July 28.  Commandments. The group members discussed. “We hardly hear the word command these days, do we? Is that part of our “rights culture? I can’t even command that the grandchildren go to the shop for me.”  “It’s like laws too. Do we really still respect ‘the rule of law?’ “Laws and commandments are meant to be for the common good and for order in society.  Just go through the 10 Commandments and you will see. We used to know them off by heart. If we don’t obey them there will be this disorder, as we can see.”  

Reflect, share, act. Scripture:   Read Exodus 20:1-17 the 10 Commandments.  In those days God spoke all these words, saying, “I am the Lord your God, who brought you out of the land of Egypt. You shall have no other gods before me.” Exodus 20:1.  Pope Francis: The existence of laws and regulations is insufficient in the long run to curb bad conduct, even when effective means of enforcement are present.  If the laws are to bring about significant long-lasting effects, the majority of the members of society must be adequately motivated to accept them and personally transformed to respond.   LS 211



The topic of teenage pregnancy is almost always addressed from the perspective of statistics and as a serious  problem, mostly for the young girls. A recent WHO report notes that 1 in 4 teenagers in South Africa is likely to be pregnant before she turns 20.  Seldom is the male partner mentioned. Is it a school, church, social or family issue and what are we as Catholics offering as meaningful options? I believe that the reality should be unpacked more comprehensively for concerted and collaborative efforts to be made in this complex situation, something which is not the case at present.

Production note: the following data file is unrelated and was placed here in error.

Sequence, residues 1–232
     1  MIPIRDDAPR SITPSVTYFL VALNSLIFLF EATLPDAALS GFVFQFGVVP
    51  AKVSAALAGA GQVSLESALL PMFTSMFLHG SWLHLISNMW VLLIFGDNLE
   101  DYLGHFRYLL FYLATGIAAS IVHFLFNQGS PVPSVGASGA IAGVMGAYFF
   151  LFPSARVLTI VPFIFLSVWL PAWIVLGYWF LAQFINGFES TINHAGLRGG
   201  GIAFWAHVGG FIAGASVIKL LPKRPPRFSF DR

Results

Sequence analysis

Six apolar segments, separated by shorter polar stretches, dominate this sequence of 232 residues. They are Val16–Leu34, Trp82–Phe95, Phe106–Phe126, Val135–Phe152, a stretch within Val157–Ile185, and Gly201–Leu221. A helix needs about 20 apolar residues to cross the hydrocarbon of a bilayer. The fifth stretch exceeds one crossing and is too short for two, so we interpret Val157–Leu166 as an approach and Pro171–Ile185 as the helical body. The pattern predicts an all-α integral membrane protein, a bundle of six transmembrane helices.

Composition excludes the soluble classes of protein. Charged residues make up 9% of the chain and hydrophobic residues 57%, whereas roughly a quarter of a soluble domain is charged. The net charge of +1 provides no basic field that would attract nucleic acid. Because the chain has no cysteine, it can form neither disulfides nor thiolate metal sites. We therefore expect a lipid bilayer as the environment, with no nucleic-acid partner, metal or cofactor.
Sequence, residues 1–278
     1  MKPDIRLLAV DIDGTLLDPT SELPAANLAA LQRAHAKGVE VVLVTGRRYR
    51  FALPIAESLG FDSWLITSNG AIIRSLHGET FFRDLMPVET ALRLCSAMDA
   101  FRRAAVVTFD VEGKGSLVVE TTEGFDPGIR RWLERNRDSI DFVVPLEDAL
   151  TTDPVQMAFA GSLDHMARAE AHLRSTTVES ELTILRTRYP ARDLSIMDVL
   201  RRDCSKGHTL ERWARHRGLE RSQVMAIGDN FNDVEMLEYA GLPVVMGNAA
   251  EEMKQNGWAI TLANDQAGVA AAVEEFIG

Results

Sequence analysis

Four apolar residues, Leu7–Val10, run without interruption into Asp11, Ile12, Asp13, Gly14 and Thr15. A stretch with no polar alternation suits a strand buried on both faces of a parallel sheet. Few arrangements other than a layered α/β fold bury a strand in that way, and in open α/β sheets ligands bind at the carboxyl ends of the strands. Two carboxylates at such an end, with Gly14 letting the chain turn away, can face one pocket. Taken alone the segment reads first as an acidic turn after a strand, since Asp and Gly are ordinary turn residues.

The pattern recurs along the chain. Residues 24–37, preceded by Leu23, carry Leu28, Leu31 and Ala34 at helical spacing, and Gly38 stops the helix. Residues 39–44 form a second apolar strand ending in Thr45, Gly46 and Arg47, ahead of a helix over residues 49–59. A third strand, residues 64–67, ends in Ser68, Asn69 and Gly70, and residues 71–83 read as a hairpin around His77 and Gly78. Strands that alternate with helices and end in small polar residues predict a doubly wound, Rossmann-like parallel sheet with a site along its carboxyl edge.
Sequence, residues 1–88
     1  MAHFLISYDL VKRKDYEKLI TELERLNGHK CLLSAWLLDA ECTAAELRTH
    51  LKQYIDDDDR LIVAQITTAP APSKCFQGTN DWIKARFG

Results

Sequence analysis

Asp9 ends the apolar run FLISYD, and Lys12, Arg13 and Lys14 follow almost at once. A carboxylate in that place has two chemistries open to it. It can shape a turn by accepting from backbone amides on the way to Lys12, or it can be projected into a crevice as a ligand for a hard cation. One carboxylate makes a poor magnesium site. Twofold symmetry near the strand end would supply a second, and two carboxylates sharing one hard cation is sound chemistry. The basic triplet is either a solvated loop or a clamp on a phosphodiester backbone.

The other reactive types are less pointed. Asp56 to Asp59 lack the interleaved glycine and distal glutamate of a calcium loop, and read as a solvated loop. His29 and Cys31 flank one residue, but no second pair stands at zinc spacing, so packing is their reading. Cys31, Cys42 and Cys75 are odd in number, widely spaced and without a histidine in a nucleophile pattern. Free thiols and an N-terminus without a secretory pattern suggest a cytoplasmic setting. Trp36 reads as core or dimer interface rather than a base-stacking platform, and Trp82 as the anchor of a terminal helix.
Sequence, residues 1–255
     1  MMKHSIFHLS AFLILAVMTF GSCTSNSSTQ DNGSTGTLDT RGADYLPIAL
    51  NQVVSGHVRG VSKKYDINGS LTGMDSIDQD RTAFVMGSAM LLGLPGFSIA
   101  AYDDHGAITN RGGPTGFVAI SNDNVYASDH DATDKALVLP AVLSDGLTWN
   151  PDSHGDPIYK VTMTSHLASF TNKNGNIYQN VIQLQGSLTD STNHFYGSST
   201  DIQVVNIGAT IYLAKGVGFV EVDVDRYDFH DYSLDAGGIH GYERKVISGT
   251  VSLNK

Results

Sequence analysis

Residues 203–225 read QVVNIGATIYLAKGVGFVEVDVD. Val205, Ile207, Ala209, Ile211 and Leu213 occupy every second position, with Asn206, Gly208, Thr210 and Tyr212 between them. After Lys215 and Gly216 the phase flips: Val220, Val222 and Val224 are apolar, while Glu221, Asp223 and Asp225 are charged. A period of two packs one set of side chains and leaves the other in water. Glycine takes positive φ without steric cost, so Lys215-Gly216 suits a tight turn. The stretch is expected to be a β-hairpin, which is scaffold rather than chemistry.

Archbishop Buti Tlhagale in his homily at AMOF, the Archdiocesan Meeting of Families held on 24 June at Bosco Youth centre, addressed two major areas of concern;  marriage and youth.  Reporting on the bishops’  5 yearly ad limina visit to Rome he referred to different Vatican offices for reporting and updates on their local situations. They received input too and he spoke at some length about the need to strengthen marriages, effective marriage preparation and stronger commitment of couples to their relationship.  

On the issue of youth he began by quoting the high number of teen pregnancies as a serious problem.   He challenged the youth saying, “What are you after, don’t you have dreams and ambitions? Why cut your future short, can’t pleasure wait?”  Using hard-hitting words he said, “a child normally is a blessing, but at your age it is a curse, a burden. It is not your job to fill the world with children.”

But what is being done and still to be done? While we, as families, appreciate the points the Archbishop made it should also be acknowledged that those involved in marriage and family ministry and youth work are actively doing their best, but often with very limited resources and inadequate support from our church leadership.  Only today I read a tweet stating that every parish needs to have a Caritas group.  OK, but we believe every parish should have a marriage and family team and various programmes such as Marriage Encounter,  Teams of Our Lady, Retrouvaille, Catholic Engaged Encounter, MARFAM, Couples for Christ, Focolare New Families, Theology of the Body and related groups addressing pornography. These should be working together under the SACBC and dioceses and have priest involvement too. CoLA, Divine Mercy Home for unmarried mothers, Pro-life or anti-abortion resources need support.  Love Matters by the Salesians is a powerful youth resource and no doubt the 1000 youth who will be participating in World Youth Day in Portugal soon will benefit from the evangelization and catechesis to guide their future. Government Departments of Social Development, Education and Health play a major role.